With one guitar being played through three (count ’em) amps and one drum-kit being played using upside down drumsticks, Melbourne’s King of the North don’t really do subtle. Fittingly, neither does the audience – which is mostly filled up, naturally, with people who decided their Clutch shirt was the most appropriate shirt to wear to a Clutch show. The duo’s boom-thwack approach to downtuned meat-and-potatoes rock & roll might win over your uncle who insists on not listening to “that Triple J shit”, but has little to offer a more discerning ear hoping for some substance beyond the red levels.
A documentary might have brought new-found attention to pub-rock veterans Cosmic Psychos, but one gets the impression Ross Knight and co. would be chugging away on beers and instruments regardless of whether us slack-jawed yokels were staring back at them or not. Their setlist remains unchanged since the infamous Dune Rats tour, but it doesn’t exactly need rearranging – Pub sets a furious pace, Lost Cause brings it home and everything in-between is worthy of a raised fist and a screamed refrain. It’s loose, it’s loud, it’s live and, as far as tonight’s headliner is concerned, it’s a near-perfect fit.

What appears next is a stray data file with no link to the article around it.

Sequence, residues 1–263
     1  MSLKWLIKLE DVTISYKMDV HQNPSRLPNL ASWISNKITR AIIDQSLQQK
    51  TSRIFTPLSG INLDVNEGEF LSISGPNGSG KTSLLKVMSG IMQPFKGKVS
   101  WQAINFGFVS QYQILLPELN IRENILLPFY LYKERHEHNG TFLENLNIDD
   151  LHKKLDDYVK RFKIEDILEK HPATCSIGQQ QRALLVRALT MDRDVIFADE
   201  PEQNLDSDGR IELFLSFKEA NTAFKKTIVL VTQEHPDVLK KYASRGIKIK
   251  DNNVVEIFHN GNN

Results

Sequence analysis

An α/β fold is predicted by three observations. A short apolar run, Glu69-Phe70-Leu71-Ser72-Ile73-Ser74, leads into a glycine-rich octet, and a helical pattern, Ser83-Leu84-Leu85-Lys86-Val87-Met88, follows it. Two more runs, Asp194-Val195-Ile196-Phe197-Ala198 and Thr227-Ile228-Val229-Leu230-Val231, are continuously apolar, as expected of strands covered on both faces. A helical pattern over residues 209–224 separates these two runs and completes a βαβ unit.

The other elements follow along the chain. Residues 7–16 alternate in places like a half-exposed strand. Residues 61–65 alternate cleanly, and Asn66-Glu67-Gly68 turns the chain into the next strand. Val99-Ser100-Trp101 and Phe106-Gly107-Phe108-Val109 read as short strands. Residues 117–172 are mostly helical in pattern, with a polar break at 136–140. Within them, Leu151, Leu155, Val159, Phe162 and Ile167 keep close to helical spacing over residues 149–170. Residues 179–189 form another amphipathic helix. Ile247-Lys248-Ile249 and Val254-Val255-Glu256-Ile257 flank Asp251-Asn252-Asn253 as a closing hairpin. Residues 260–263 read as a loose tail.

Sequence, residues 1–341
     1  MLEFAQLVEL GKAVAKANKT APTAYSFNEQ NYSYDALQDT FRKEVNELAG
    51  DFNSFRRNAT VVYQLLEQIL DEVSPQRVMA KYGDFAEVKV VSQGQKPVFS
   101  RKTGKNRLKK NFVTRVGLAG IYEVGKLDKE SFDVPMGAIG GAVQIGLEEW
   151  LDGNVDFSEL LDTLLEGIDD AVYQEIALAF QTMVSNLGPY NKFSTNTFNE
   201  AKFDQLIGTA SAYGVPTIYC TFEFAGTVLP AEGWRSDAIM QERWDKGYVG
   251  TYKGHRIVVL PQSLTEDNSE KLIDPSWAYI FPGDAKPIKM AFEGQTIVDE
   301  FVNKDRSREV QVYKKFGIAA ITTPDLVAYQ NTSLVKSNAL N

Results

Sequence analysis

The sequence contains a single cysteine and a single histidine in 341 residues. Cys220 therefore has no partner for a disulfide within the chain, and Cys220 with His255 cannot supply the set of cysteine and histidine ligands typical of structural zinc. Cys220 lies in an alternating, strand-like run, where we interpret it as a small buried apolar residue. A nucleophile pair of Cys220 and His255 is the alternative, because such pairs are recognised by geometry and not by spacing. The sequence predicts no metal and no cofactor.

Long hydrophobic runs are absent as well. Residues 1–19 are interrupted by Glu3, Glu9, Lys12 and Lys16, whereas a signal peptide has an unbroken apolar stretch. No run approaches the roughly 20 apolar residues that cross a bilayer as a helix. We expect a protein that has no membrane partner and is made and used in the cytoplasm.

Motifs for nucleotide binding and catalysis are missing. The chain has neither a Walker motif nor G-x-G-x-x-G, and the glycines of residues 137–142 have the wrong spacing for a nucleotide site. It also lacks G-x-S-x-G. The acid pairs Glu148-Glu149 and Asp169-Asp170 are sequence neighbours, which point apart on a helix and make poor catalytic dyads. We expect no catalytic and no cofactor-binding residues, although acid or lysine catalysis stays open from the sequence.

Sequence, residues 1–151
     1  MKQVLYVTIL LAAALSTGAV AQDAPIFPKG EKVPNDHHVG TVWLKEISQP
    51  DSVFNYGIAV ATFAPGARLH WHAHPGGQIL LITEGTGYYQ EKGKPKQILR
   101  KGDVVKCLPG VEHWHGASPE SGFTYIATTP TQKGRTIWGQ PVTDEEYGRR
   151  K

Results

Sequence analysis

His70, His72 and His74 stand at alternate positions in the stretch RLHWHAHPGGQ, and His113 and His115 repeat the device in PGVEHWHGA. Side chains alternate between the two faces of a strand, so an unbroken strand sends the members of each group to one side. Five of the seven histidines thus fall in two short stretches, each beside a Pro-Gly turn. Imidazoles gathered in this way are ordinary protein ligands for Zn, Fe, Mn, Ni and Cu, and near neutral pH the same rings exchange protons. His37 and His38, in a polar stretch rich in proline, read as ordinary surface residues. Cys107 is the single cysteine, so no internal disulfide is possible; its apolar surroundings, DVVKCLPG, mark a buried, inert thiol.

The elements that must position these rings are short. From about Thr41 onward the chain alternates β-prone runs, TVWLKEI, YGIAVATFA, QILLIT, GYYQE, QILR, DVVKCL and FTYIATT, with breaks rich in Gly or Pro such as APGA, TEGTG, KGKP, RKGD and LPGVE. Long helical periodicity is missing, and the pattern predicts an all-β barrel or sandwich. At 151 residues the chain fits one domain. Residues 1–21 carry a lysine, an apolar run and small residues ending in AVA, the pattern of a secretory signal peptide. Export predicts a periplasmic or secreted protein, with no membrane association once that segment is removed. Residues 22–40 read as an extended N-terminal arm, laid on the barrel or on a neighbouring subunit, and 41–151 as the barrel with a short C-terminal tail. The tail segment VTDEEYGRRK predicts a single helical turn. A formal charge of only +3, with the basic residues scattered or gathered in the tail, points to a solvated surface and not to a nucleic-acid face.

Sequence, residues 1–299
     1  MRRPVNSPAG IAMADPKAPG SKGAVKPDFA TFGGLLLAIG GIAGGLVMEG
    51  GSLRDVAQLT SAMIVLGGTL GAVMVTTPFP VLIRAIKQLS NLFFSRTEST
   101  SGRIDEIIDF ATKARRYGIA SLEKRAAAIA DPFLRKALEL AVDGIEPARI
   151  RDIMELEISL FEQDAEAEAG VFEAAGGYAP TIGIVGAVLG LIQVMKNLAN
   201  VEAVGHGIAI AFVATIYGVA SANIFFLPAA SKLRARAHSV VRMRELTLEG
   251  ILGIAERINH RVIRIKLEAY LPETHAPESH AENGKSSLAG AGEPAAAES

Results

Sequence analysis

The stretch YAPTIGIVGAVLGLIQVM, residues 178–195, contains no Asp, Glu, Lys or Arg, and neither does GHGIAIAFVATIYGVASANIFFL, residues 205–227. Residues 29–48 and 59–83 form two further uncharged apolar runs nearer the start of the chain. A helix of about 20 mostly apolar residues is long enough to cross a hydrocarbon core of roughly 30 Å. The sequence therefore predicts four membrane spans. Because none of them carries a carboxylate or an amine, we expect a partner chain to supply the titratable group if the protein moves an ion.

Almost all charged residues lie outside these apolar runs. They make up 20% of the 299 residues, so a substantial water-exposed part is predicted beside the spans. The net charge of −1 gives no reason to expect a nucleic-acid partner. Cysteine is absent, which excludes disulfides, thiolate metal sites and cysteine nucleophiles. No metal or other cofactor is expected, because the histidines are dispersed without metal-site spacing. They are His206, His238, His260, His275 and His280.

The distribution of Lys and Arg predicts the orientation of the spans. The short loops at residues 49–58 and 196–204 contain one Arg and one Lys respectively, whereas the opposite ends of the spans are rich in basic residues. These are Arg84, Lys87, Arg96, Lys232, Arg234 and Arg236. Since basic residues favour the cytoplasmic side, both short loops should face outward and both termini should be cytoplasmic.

One of the great things about a packed show at a relatively-big venue is how an audience can make whoever is on stage feel like the biggest musical act in the world. It’s a feeling that comes to mind as the lights dim and desert-rock die-hards Clutch arrive on stage – the roars are low-pitched, rumbling and near-deafening; with the primarily long-bearded brethren howling at the Maryland natives much in the same way their daughters would presumably scream at the latest pop sensation. There are points early on in the set that frontman Neil Fallon doesn’t even need to sing into the microphone – it’s being amplified tenfold by the masses, many of whom have evidently been seeing them live for over a decade.
It’s this energy that elevates the entire performance – this is a celebration of all things Clutch, past and present. The lion’s share of the set derives itself from last year’s Cosmic Warfare, which the audience laps up with just as much fervency as it does earlier numbers such as Minotaur and The Mob Goes Wild. Fallon saunters and shimmies like a man possessed, completely embracing his role as frontman. The guitars are loud and heavy, the drums ricochet off the walls and every one of the 18 songs played is given the reception of a number-one hit single. It’s a bizarre alternative universe inside a Clutch show, but it’s one you should visit sometime. You never know just what it is that you might discover.
Gallery: Clutch, Psychos @ The Metro, Sydney 2016 / Photos By Maria Boyadgis